Active labor market programs continue to receive high priority in wealthy countries despite the fact that the benefits appear small relative to the costs. This apparent discrepancy suggests that the programs may have a broader purpose than simply increasing employment—for instance, preventing anti-social behavior such as crime. Indeed, recent evidence shows that participation in active labor market programs reduces crime among unemployed young men. The existence of such effects could explain why it is the income-redistributing countries with greater income equality that spend the most on active labor market programs.
Participating in an active labor market program reduces the propensity of unemployed young men to commit crime.
Program participation leaves less time for other activities, including criminal activities.
The effects might be long-lasting, since the programs seem to change the lifestyles of participants.
Long-lasting scars from unemployment—expressed through criminal activity—might be lessened by a well-designed active labor market policy.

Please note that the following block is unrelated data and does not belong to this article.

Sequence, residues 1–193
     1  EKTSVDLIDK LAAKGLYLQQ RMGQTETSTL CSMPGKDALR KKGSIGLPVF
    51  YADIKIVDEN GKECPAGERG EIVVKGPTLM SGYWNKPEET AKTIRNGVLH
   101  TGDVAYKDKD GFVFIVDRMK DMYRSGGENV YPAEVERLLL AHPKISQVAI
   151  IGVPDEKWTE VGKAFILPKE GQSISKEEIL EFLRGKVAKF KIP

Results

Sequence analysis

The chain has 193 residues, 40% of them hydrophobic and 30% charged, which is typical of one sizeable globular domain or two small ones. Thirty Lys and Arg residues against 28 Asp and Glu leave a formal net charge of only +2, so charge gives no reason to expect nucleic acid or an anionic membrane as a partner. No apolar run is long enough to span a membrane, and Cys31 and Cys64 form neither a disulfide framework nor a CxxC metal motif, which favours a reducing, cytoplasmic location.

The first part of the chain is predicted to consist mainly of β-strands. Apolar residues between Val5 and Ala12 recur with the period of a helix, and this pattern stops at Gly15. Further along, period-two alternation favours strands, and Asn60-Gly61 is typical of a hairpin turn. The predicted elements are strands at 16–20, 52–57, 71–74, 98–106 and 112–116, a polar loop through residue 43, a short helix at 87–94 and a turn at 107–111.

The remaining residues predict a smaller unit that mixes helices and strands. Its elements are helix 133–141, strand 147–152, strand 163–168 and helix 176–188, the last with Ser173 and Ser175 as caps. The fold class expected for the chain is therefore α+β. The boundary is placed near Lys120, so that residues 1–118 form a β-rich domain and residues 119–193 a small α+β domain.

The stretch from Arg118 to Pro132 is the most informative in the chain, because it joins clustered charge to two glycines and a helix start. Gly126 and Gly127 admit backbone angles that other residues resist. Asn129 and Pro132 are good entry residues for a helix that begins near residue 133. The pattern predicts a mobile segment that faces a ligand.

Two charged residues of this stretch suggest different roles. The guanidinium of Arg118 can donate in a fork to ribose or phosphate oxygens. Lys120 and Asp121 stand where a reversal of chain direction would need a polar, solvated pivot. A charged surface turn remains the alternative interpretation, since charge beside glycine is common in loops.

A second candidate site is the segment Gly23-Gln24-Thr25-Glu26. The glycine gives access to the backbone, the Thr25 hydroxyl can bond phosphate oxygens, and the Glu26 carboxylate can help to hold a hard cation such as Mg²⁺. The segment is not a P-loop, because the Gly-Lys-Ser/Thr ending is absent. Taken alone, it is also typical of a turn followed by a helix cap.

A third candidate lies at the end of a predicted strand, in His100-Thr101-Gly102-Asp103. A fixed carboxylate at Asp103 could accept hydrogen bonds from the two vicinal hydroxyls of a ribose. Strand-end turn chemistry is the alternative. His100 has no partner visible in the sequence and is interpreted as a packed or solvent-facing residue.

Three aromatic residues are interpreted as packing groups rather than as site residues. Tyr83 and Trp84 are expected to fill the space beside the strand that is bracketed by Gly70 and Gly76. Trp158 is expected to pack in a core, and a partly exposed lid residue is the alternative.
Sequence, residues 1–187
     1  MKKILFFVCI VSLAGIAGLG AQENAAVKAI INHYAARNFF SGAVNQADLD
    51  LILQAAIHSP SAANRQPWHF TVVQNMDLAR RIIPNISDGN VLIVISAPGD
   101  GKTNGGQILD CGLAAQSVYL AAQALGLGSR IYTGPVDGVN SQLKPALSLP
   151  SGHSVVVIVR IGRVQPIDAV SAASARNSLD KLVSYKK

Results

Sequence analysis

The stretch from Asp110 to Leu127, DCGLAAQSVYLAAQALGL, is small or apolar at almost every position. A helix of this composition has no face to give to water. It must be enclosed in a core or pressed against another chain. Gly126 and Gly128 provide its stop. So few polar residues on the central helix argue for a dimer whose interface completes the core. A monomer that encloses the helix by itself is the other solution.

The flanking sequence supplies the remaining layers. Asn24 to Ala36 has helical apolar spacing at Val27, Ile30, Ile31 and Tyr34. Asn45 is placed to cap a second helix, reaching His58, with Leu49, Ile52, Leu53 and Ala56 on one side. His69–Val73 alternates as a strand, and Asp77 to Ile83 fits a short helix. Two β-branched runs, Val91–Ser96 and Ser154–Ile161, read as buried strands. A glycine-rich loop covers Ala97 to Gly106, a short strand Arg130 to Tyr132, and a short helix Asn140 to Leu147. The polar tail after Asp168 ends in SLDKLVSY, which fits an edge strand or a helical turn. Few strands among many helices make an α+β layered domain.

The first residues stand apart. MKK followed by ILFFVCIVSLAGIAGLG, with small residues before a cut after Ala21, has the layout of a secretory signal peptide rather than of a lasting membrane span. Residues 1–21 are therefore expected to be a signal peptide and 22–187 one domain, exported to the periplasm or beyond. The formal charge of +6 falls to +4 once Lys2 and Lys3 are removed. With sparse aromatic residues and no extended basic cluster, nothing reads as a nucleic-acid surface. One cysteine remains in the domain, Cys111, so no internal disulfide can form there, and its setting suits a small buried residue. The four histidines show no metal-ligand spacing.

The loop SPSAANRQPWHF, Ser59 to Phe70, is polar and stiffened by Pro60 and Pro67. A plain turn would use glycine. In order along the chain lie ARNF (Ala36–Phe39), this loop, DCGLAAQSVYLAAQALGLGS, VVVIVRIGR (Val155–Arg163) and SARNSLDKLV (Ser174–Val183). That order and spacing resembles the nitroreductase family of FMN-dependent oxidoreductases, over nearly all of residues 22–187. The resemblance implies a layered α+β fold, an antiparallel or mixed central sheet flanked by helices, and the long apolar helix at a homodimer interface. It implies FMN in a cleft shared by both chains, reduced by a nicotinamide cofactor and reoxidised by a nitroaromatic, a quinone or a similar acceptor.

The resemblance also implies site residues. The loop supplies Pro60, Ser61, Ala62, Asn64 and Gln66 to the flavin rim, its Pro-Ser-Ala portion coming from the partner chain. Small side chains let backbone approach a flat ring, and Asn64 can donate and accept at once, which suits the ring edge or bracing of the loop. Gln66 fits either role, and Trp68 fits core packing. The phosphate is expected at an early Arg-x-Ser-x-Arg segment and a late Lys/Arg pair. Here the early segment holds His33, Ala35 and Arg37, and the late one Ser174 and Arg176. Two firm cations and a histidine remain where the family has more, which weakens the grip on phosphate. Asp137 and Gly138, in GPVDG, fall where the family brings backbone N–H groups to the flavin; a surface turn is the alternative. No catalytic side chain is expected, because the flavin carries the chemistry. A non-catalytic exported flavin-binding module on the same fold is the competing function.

While unemployment shocks cannot be avoided, active labor market programs might constitute a reasonable second best to employment for less fortunate young people.
Active labor market programs are expensive, and the intended benefits of reducing unemployment are lower than the costs.
Direct measures to reduce crime are likely to be more effective than tackling crime indirectly through active labor market programs.
While good active labor market programs enhance crime prevention, they tend to reduce the threat effect (people leaving unemployment in order to avoid participation in the programs).
Good programs can have a lock-in effect that delays reemployment.
Participating in active labor market programs, by leaving less time for job search, could reduce the effect of unemployment on wages and result in higher equilibrium unemployment.